A dynamic multilevel method for fully-coupled simulation of flow and heat transfer in heterogeneous and fractured geothermal reservoirs is presented (FG-ADM). The FG-ADM develops an advanced simulation method which maintains its efficiency when scaled up to field-scale applications, at the same time, it remains accurate in presence of complex fluid physics and heterogeneous rock properties. The embedded discrete fracture model is employed to accurately represent fractures without the necessity of unstructured complex grids. On the fine-scale system, FG-ADM introduces a multi-resolution nested dynamic grid, based on the dynamic time-dependent solution of the heat and mass transport equations. The fully-coupled implicit simulation strategy, in addition to the multilevel multiscale framework, makes FG-ADM to be stable and efficient in presence of strong flow-heat coupling terms. Furthermore, its finite-volume formulation preserves local conservation for both mass and heat fluxes. Multi-level local basis functions for pressure and temperature are introduced, in order to accurately represent the heterogeneous fractured rocks. These basis functions are constructed at the beginning of the simulation, and are reused during the entire dynamic time-dependent simulation. For several heterogeneous test cases with complex fracture networks we show that, by employing only a fraction of the fine-scale grid cells, FG-ADM can accurately represent the complex flow-heat solutions in the fractured subsurface formations.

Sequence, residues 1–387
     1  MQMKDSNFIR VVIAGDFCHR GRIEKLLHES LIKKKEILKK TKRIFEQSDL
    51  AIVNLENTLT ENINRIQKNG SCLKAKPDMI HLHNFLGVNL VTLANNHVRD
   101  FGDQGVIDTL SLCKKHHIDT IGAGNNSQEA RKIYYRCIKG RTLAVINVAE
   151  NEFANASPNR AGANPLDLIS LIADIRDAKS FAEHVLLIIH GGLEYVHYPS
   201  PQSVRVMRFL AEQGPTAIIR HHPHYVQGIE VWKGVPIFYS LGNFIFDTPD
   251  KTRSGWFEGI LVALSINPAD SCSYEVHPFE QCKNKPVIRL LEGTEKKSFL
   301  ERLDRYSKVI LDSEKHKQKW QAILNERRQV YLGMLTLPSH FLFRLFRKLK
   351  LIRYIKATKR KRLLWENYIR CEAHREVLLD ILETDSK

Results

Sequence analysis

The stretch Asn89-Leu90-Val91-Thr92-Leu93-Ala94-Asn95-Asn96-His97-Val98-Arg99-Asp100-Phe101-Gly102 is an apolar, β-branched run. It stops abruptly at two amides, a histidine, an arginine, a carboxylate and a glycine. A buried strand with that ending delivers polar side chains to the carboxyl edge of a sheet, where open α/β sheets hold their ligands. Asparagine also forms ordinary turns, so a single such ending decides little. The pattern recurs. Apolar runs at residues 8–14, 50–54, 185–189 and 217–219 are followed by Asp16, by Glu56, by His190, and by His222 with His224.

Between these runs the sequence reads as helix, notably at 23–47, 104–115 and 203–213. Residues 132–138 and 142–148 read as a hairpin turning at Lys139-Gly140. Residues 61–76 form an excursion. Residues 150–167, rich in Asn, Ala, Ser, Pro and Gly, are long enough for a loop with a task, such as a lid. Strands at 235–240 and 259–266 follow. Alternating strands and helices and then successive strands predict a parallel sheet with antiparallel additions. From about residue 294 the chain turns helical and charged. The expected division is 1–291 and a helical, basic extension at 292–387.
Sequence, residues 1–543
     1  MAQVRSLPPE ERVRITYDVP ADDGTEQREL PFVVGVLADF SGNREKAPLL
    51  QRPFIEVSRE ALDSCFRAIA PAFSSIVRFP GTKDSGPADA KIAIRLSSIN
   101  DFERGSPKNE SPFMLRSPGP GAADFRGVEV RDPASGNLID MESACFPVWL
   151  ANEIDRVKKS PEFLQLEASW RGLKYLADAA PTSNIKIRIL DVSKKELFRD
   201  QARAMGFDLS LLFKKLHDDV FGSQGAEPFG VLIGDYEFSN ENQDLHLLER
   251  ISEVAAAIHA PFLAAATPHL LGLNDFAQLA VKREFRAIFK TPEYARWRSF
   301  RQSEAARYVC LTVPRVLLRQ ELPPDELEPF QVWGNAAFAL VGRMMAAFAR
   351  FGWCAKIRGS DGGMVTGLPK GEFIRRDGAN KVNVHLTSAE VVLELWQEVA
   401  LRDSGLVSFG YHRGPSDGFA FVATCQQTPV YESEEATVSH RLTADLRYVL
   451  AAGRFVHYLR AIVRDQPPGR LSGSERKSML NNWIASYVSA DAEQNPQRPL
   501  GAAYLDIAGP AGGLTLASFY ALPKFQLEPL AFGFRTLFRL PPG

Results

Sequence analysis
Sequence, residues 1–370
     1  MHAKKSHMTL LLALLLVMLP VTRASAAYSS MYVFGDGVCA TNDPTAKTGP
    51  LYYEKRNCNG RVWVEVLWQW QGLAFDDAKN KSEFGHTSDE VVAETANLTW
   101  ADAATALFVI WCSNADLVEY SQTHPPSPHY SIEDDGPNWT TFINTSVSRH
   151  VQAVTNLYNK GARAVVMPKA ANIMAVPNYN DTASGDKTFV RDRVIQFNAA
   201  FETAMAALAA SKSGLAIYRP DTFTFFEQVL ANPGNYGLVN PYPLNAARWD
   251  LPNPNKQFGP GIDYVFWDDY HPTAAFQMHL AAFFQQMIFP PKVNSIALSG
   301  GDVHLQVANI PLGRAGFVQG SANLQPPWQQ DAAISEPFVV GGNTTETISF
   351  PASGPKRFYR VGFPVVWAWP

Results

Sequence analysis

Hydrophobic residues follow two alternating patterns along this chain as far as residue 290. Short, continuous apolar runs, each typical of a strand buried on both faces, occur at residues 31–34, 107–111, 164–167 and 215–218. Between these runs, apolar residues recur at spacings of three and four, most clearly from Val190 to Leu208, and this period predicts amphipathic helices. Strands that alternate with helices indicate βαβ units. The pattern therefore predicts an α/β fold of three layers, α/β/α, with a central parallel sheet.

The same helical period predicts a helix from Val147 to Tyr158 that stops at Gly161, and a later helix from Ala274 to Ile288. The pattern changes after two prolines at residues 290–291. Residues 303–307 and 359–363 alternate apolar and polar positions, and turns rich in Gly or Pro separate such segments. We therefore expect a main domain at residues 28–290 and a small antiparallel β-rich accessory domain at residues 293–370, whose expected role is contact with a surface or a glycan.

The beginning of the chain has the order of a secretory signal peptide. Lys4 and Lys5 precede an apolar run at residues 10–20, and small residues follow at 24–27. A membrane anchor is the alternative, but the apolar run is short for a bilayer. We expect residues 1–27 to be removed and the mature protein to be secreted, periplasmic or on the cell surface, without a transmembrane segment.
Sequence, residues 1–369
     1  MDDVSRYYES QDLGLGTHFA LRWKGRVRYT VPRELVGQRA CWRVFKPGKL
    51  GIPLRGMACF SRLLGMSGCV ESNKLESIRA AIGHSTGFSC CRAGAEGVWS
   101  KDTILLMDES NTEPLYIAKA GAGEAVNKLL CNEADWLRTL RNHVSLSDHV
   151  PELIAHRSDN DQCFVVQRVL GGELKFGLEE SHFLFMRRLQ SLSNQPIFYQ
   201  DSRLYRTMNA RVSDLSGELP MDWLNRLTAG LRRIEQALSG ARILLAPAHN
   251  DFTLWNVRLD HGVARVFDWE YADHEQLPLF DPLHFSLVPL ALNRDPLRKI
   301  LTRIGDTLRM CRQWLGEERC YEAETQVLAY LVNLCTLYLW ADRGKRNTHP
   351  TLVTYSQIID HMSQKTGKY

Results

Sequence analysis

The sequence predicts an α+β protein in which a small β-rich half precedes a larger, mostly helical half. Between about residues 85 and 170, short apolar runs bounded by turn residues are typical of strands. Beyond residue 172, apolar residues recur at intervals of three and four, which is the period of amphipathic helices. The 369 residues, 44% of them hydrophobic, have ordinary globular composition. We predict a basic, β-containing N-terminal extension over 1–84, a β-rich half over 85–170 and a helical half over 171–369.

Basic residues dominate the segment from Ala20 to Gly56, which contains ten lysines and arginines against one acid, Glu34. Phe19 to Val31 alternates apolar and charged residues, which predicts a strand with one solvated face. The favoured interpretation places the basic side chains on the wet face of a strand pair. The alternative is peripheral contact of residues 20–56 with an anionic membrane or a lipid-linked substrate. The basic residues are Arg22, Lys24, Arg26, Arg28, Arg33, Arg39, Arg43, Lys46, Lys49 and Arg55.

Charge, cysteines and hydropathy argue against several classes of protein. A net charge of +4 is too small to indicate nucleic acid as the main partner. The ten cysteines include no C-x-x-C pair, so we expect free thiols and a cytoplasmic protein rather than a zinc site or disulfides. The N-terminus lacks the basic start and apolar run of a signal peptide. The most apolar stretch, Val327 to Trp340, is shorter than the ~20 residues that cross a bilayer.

Sun, Yimin (Aramco Research Center – Delft, Aramco Overseas Company B.V.) | Kim, YoungSeo (EXPEC ARC, Saudi Arabian Oil Company) | Qu, Shan (Delft University of Technology) | Verschuur, Eric (Delft University of Technology)
Joint migration inversion (JMI) is a recently developed technology that aims at incorporating the seismic velocity model update and acoustic migration, including all multiple scatterings, into one closed-loop process. Full waveform inversion (FWI) is a commonly accepted technology for velocity model building, and reverse-time migration (RTM) is the main method adopted for depth imaging. In this paper we first use a 2D realistic deep water model to benchmark JMI against a workflow of FWI combined with RTM. With some insights on JMI gained from this comparison study, we point out that a good niche for JMI is to provide a high quality initial velocity model. We further demonstrate the performance of JMI on a 2D deep water field dataset with an initial velocity model derived from migration velocity analysis (MVA).